Kurdish fighters in Iraq take fight to jihadis. Can it last?
Kurdish fighters in northern Iraq, thanks to help from US airstrikes, appear to have fought off an assault on Erbil by the jihadis of the Islamic State. The US is moving towards providing the Kurds more than air support.
Columns of smoke rise toward a golden supermoon after a day of fighting in and around the Iraqi town of Makhmour. Here, Kurdish peshmerga fighters have routed Sunni militants from the self-styled Islamic State and, with the aid of US airstrikes, driven them back from the Iraqi Kurdish capital of Erbil.
After the successful advance, hundreds of Kurdish civilians and volunteer fighters rush euphorically to lend support to the peshmerga, clearing the streets in Makhmour, 30 miles southwest of Erbil, and surrounding areas in Nineveh Province.
“The Kurds will win with the help of God and Obama’s air strikes,” says Asaad Othman, a volunteer fighter who hails from a nearby village still under the control of the Islamic State (IS), a Sunni jihadi group that through capable military tactics and liberal applications of terror has seized significant territory in Iraq and Syria in recent months.
The group's advance into semi-autonomous Kurdistan, long Iraq's only stable region, coupled with its promise of conversion or death for Iraq's religious minorities, alarmed President Barack Obama into action last week. Though the Kurdish military was assumed until recently to be up to the task of holding its territory, a successful advance by the jihadis last week on Erbil demonstrated the peshmerga are probably not as formidable as advertised.
Iraqi forces have struggled to ward off the IS advance toward Baghdad, and rely heavily on Iraqi Kurdish forces to hold off IS in the north. But Kurdish forces are stretched thin. They've been fighting the jihadis around Diyala Province, near the Iranian border, in recent days, and the Islamic State recently seized Qarqarosh, Iraq’s largest Christian town, and other areas formerly held by the peshmerga.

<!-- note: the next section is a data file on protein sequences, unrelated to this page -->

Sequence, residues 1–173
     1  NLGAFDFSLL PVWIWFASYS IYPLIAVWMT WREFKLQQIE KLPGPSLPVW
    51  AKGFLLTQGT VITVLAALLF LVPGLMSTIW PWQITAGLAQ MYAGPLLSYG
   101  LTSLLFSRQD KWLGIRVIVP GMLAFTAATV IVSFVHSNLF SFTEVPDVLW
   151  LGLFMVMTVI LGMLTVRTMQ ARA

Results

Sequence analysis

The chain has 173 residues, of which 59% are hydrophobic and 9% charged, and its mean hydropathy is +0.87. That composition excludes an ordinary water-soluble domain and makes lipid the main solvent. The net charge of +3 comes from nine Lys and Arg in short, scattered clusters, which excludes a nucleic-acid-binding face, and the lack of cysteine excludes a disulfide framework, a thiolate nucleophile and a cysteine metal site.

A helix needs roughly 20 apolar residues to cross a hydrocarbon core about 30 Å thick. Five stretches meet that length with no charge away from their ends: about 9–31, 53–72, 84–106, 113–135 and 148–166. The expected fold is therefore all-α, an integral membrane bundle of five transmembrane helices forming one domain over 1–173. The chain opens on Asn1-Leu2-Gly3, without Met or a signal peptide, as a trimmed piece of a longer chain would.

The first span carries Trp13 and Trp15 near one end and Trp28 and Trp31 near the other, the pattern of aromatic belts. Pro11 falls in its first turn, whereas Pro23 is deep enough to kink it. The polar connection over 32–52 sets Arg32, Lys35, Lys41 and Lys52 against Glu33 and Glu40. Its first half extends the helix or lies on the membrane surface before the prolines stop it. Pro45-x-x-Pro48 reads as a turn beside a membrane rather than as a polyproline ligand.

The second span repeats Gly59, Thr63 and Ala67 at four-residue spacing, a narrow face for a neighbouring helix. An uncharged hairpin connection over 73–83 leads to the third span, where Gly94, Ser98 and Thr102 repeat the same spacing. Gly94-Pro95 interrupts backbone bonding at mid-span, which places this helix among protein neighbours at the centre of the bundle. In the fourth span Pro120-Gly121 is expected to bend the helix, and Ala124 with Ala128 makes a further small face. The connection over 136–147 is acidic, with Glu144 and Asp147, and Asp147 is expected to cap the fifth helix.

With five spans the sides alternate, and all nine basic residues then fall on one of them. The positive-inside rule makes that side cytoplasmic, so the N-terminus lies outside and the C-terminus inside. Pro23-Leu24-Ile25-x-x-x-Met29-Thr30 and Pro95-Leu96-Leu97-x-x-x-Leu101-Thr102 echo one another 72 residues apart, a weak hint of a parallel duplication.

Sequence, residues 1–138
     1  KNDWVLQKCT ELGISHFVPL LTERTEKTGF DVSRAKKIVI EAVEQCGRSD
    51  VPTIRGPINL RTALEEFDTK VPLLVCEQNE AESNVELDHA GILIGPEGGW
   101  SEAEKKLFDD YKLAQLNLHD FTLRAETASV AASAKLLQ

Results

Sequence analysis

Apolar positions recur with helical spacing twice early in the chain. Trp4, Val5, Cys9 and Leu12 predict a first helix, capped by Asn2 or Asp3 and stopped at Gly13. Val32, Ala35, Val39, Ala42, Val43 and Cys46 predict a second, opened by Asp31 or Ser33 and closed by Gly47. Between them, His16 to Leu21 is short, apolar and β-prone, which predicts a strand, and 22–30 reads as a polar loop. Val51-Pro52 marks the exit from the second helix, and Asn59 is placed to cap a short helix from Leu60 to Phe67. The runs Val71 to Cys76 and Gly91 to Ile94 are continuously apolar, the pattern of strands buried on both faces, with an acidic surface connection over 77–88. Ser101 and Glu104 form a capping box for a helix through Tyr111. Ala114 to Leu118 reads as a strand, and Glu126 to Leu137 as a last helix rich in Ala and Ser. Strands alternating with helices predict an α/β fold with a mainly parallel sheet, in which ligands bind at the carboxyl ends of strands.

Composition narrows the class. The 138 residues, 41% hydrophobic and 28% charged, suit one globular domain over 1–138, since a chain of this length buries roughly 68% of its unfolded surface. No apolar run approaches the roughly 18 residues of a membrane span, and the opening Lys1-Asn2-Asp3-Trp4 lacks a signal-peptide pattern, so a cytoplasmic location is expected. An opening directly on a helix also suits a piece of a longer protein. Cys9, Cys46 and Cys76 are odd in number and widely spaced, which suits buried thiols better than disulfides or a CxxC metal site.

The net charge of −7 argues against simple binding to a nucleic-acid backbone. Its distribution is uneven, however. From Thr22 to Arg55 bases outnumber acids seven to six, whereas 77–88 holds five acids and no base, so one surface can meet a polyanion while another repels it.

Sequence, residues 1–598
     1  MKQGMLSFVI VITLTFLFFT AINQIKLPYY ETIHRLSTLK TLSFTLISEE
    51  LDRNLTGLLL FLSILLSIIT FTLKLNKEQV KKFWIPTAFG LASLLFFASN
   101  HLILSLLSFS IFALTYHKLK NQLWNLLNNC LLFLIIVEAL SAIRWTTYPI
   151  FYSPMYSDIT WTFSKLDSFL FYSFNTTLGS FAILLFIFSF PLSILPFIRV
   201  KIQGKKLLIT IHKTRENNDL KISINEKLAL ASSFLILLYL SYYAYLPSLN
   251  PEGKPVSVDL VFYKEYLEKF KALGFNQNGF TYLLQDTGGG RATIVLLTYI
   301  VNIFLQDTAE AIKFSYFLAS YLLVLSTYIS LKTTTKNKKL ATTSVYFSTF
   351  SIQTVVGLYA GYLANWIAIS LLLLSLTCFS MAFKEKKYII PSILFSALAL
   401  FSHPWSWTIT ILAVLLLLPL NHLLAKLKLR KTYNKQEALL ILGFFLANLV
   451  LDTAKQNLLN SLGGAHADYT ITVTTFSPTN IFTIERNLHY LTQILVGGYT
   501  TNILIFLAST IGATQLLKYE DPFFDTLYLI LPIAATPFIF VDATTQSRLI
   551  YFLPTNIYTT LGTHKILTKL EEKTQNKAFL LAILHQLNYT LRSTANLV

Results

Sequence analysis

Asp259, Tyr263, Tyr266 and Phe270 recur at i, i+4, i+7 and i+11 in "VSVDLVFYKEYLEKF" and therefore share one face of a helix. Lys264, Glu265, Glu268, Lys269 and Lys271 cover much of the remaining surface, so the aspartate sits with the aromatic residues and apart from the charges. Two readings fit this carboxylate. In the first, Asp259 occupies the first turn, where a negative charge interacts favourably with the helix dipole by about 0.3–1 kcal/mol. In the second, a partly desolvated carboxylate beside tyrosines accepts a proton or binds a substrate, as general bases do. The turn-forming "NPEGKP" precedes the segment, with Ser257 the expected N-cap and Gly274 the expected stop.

Kurdish commanders say they need more international support to fight IS, saying the jihadis have an edge at the moment thanks to vast number of weapons – many supplied by the US – that IS seized from the Iraqi military when it collapsed in Nineveh in June. Iraqi soldiers abandoned everything from tanks to heavy artillery.
The recent victory in the towns of Makhmour and Gwer means Kurdish forces may now be able to go on the offensive southwest of Erbil. How far the peshmerga will go, local fighters say, will in part depend on how much more support is provided by Obama. US air strikes and greater coordination with Baghdad have boosted morale, but IS is no easy foe. Kurdish officials also complain that Prime Minister Nouri al-Maliki has refused to provide arms to Kurdish forces.
“We are not fighting a terrorist organization, we are fighting a terrorist state,” said president of the Kurdish regional government, Massoud Barzani, in a joint press conference in Erbil with visiting French Foreign Minister Laurent Fabius.
“The problem is ISIS took so many good weapons and armored vehicles from the Iraqi army,” says Polat Talabani, who heads a Kurdish antiterrorism unit. “The regular peshmerga are just on the back of pickups with out-dated guns.”